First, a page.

Next for #dchealth: Health Camp and The Walking Gallery

By | Blog & Bloggers, Care Delivery, Center for Total Health, Health Innovation, Health IT, Healthy Living, Mobility / Mobile Health | No Comments

D.C. Health Data and Innovation Week has had a promising start with the weekend’s Code-a-Thon. While the judging was close, the Healthy Plate team came in second (for a prize of $3,000), and the School Fit team took top honors—and $4,000—for its app that addressed the childhood obesity epidemic by building transparency.  School Fit’s app combined ranking school fitness levels with location information, really targeting the issue of obesity via civic, educational, social and family connections.  Check out photos from the two-day event here, and for a thoughtful perspective on the Code-a-Thon process, take a look at these two blog posts from Ted Eytan, MD.  Alex Howard Storified the weekend, too—you can see a social media snapshot of the event right here.

Monday, June 4, we have not one, but two D.C. Health Data and Innovation Week events at the Center for Total Health.  The first, HealthCamp DC, is bringing together people from all across the health sector:  Health system and policy leaders, nurses, doctors, technologists and more. asks participants to explore “Empowering Patient Engagement,” but the event is an un-conference, which means that the attendees, themselves, set the agenda for the day.  For more information, visit this website.

Monday’s second event at the Center for Total Health is The Walking Gallery—an art exhibit where the art is worn by attendees rather than hung on walls.  Patients, medical professionals, tech gurus, private sector executives, activists and artists will wear jackets and lab coats painted with the story of a patient or an element of medical advocacy by artist and patients’ rights advocate Regina Holliday or other artists.  In the words of Regina, the gallery, which now has 125 jackets, “advocates for the inclusion of the patient view and story in the halls of technology and medicine.”  The event is free and runs from 5 p.m. to 7 p.m. at the Center.  Interested in attending?  RSVP here.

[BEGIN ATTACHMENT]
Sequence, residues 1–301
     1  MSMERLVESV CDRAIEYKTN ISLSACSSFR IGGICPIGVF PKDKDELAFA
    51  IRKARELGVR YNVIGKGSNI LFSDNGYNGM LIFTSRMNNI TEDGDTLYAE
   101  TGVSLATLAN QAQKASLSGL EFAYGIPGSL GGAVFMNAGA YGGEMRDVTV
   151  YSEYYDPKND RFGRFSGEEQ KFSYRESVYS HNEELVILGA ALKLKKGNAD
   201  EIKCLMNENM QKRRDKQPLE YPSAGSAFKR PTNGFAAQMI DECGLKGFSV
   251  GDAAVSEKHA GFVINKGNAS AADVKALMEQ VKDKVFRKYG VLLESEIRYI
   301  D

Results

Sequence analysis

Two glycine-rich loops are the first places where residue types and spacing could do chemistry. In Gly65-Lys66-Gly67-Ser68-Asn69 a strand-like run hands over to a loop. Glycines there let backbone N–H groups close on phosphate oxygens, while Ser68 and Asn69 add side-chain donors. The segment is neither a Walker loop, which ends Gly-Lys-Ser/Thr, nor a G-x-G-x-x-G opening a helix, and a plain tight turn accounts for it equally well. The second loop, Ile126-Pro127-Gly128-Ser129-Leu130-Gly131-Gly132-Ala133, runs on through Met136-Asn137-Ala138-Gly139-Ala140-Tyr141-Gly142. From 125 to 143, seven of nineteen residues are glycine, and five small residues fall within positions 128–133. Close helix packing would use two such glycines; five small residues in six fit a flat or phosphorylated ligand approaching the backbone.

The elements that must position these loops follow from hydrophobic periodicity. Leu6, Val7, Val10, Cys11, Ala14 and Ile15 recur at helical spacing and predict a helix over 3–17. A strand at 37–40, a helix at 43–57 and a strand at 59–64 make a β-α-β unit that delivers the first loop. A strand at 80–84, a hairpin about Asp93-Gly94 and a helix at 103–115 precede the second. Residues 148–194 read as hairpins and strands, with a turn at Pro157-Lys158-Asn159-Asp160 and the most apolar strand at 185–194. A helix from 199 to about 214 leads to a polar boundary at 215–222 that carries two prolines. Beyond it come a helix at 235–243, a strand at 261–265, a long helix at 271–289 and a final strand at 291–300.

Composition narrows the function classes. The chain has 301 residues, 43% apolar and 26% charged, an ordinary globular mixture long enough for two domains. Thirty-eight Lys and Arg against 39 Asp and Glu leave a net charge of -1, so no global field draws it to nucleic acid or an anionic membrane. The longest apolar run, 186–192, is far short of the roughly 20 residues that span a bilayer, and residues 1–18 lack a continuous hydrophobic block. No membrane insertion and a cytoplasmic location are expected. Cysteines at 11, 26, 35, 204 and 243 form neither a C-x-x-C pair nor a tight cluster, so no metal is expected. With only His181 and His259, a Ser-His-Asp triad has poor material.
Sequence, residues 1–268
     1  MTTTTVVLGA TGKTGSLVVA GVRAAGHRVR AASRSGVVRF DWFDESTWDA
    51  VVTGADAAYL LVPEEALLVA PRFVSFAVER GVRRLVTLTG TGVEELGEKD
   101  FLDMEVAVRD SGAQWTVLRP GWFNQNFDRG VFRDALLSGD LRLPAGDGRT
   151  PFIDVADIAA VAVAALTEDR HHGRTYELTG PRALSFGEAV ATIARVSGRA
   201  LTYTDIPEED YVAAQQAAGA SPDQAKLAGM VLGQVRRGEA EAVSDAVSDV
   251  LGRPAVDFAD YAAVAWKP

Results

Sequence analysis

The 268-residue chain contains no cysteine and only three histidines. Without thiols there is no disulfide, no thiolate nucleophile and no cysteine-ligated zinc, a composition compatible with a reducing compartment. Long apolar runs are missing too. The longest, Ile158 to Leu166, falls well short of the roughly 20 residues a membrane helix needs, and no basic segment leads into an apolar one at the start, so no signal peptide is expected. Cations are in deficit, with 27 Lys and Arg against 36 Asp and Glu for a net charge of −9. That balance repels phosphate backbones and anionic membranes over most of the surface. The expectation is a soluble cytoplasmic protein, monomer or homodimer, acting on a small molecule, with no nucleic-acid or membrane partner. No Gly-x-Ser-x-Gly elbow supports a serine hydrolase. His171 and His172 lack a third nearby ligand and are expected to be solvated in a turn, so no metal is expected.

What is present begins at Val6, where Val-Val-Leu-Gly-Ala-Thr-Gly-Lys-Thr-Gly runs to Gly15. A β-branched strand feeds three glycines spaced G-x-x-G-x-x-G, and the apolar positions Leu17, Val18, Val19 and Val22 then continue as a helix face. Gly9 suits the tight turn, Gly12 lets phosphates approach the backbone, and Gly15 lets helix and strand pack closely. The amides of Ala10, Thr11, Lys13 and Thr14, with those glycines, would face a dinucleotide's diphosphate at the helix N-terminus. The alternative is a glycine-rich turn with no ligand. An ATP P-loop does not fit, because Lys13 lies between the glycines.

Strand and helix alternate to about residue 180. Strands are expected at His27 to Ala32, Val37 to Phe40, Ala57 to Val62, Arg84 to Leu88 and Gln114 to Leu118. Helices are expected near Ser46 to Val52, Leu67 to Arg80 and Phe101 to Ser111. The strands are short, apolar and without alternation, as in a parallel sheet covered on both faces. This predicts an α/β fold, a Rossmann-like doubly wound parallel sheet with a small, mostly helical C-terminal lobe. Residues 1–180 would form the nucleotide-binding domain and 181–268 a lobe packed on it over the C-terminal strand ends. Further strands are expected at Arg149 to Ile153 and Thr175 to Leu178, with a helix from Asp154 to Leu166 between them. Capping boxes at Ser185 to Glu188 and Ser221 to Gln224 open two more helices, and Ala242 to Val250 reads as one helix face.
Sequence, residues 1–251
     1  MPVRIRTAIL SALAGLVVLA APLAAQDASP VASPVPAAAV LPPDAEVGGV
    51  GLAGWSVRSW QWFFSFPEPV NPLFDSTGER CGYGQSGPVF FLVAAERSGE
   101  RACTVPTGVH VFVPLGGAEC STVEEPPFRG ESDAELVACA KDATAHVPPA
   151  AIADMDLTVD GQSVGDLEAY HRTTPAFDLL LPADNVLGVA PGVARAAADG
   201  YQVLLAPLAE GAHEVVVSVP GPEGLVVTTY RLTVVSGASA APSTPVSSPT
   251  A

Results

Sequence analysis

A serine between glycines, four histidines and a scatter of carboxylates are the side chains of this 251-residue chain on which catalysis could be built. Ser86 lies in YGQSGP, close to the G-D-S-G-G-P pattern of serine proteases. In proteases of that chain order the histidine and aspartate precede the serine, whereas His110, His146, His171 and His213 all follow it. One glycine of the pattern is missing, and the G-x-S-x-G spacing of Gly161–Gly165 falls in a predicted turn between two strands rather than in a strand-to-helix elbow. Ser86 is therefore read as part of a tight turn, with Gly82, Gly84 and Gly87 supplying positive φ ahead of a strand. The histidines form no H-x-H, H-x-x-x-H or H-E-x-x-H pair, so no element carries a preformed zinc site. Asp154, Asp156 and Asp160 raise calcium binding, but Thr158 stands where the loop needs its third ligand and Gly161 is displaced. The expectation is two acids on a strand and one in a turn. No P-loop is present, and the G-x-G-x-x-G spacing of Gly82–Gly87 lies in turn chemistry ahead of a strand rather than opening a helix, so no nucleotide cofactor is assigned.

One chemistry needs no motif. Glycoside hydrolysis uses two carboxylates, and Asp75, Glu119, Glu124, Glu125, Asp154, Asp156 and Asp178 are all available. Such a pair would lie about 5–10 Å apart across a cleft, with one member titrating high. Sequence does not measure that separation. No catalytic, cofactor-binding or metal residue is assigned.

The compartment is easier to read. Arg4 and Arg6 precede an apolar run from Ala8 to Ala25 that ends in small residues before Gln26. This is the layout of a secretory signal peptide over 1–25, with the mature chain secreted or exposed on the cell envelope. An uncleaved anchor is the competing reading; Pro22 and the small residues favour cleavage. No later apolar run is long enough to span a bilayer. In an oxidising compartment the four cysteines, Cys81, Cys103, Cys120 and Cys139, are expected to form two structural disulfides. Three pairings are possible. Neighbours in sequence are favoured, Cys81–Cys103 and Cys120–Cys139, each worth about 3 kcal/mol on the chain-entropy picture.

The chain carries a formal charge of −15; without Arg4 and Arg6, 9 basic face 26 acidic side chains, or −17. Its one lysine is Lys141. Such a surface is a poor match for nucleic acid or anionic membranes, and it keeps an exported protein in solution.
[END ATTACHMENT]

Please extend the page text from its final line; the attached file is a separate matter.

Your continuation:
Wish you could be here in person but can’t make it?  You can follow along via the #hcdc and #dchealth tweetstreams (or take a look at the live stream in the right margin of this page).  We will be covering all the action, and we welcome you to follow us at @kptotalhealth.


By | Blog & Bloggers, Center for Total Health, Experts, Health Innovation, Health IT, Mobility / Mobile Health, Obesity Prevention & Treatment | No Comments

Over the next week, we will be on site at all of the Health Data and Innovation Week events in Washington, D.C.  People from all over the United States are gathering in our nation’s capital to bring together ideas, provoke conversations, and plan steps for advancing health and care through innovation.  This is the second year for the week-long celebration, and several of the activities are once again taking place right at the Kaiser Permanente Center for Total Health.

The action kicks off Saturday and Sunday, June 2-3, with a Health 2.0 Code-a-Thon—a coding competition designed around using big data to build exciting new applications and tools to improve health care.  This year’s focus is Preventing Obesity.  Professional technologists, researchers and students are expected to participate in a fun two days of, according to the press materials, “rapid prototyping and creative health hacking.”  Cash offers additional motivation, with a total of $10,000 in prize money to be awarded.

After the Code-a-Thon, the week’s activities also include and the Walking Gallery on June 4;  Health DataPalooza June 5-6; and on June 7, a mHealth event with NASA on health applications benefiting life in space and on earth (how cool is that?!).  Some of these events are open to the public.  A calendar for the week’s activities can be found here. For more information, visit

Follow the conversation all week long on Twitter at hashtag #dchealth.  You can even watch the live tweet stream in the right margin of this page for real-time updates (including our own; follow us @kptotalhealth).  And check back here for more previews of what’s to come in D.C. this week.